That is why it is so important to let certain things go.
I can’t tell you exactly what I’m looking for, but I’ll know when it happens. I want to be breathless and weak, crumpled by the entrance of another person inside my soul. I want to be violated by insight.
I’m reading Neruda quotes at work right now and it’s making me extremely nostalgic yet excited for this coming weekend. I plan to go home tonight, lock myself in my studio with my records, a bit of wine, and paint/ collect inspiration until the sun rises to then meet a new day with yoga on the beach. I haven’t had a moment to myself to just b r e athe in what seems forever. I’m feeling melancholy at the moment, which means I’m inspired. One portion of me feels like star gazing while crying my heart out while the other feels like dancing in circles with arms up and eyes wide shut. I might just do it all.. thats the beauty of life, you do what you want with it.
If little by little you stop loving me
I shall stop loving you
Little by little
If suddenly you forget me
Do not look for me
For I shall already have forgotten you
If you think it long and mad the wind of banners that passes through my life
And you decide to leave me at the shore of the heart where I have roots
That on that day, at that hour, I shall lift my arms
And my roots will set off to seek another land”
― Pablo Neruda, Selected Poems
I had nothing to offer anybody except my own confusion.
Love is not a state, a feeling, a disposition, but an exchange, uneven, fraught with history, with ghosts, with longings that are more or less legible to those who try to see one another with their own faulty vision.
No single word in English renders all the shades of toska. At its deepest and most painful, it is a sensation of great spiritual anguish, often without any specific cause. At less morbid levels it is a dull ache of the soul, a longing with nothing to long for, a sick pining, a vague restlessness, mental throes, yearning. In particular cases it may be the desire for somebody of something specific, nostalgia, love-sickness. At the lowest level it grades into ennui, boredom.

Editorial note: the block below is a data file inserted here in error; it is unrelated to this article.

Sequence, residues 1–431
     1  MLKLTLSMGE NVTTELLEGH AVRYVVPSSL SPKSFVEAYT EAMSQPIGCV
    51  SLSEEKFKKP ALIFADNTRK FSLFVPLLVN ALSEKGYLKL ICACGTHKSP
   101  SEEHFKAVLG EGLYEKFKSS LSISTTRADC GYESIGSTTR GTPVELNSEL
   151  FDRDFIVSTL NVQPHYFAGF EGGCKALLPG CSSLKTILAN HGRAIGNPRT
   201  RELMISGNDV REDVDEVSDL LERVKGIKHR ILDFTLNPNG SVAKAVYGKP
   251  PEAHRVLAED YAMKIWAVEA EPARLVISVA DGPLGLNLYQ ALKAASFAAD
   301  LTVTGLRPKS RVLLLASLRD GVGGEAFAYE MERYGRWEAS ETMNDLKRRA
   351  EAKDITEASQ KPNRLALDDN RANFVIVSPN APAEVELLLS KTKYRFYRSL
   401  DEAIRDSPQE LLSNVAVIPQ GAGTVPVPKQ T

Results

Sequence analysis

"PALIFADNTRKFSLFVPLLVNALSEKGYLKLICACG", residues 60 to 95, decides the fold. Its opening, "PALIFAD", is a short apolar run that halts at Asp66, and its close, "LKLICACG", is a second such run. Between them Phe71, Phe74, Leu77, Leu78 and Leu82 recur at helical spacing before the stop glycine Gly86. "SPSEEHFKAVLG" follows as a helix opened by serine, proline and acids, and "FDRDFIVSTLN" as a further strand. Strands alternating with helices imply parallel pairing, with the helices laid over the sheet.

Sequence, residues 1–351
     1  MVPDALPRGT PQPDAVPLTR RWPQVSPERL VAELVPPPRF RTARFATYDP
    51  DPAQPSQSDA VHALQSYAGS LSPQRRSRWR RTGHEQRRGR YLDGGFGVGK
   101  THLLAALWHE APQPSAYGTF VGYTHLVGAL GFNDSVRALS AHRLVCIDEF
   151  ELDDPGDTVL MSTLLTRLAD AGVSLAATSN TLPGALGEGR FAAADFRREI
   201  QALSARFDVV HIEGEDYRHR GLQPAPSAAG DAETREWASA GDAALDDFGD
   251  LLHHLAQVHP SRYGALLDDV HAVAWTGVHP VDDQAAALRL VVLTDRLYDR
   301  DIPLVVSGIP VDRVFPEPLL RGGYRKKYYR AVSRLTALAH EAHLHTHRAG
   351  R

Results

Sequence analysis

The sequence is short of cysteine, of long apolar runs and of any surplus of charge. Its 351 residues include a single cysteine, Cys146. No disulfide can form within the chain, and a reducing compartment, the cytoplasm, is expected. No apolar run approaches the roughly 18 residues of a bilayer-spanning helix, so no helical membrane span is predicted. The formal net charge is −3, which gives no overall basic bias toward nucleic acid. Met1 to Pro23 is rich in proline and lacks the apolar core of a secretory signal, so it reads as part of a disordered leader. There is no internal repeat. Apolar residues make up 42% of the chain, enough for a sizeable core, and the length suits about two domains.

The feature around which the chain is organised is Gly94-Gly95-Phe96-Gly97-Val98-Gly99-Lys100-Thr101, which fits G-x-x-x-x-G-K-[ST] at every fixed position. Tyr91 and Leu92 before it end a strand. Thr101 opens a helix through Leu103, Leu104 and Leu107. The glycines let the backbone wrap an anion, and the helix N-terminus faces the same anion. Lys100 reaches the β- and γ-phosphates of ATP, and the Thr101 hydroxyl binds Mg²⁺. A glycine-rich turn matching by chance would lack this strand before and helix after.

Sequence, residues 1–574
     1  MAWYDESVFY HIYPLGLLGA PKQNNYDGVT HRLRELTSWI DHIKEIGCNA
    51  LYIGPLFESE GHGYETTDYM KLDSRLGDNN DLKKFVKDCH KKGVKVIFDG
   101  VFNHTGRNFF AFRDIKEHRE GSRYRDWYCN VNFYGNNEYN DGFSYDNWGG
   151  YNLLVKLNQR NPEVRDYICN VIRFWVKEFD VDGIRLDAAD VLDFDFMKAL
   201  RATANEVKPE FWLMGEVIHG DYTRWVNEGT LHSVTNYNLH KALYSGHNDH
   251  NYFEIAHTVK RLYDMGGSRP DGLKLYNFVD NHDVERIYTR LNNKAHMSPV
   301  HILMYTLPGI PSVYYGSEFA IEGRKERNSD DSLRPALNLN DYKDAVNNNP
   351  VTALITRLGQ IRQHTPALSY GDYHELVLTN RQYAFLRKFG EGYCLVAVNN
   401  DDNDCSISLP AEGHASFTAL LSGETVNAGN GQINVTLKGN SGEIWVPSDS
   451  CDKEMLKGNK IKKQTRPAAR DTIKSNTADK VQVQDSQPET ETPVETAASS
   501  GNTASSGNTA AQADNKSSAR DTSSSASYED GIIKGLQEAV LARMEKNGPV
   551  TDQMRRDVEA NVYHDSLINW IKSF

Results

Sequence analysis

How strange it is. We have these deep terrible lingering fears about ourselves and the people we love. Yet we walk around, talk to people, eat and drink. We manage to function. The feelings are deep and real. Shouldn’t they paralyze us? How is it we can survive them, at least for a little while? We drive a car, we teach a class. How is it no one sees how deeply afraid we were, last night, this morning? Is it something we all hide from each other, by mutual consent? Or do we share the same secret without knowing it? Wear the same disguise?
Dalai Lama’s 18 Rules for Living.
1. Take into account that great love and great achievements involve great risk.
2. When you lose, don’t lose the lesson.
3. Follow the three Rs: Respect for self, Respect for others, Responsibility for all your actions.
4. Remember that not getting what you want is sometimes a wonderful stroke of luck.
5. Learn the rules so you know how to break them properly.
6. Don’t let a little dispute injure a great friendship.
7. When you realize you’ve made a mistake, take immediate steps to correct it.
8. Spend some time alone every day.
9. Open your arms to change, but don’t let go of your values.
10. Remember that silence is sometimes the best answer.
11. Live a good, honourable life. Then when you get older and think back, you’ll be able to enjoy it a second time.
12. A loving atmosphere in your home is the foundation for your life.
13. In disagreements with loved ones, deal only with the current situation. Don’t bring up the past.
14. Share your knowledge. It’s a way to achieve immortality.
15. Be gentle with the earth.
16. Once a year, go someplace you’ve never been before.
17. Remember that the best relationship is one in which your love for each other exceeds your need for each other.
18. Judge your success by what you had to give up in order to get it.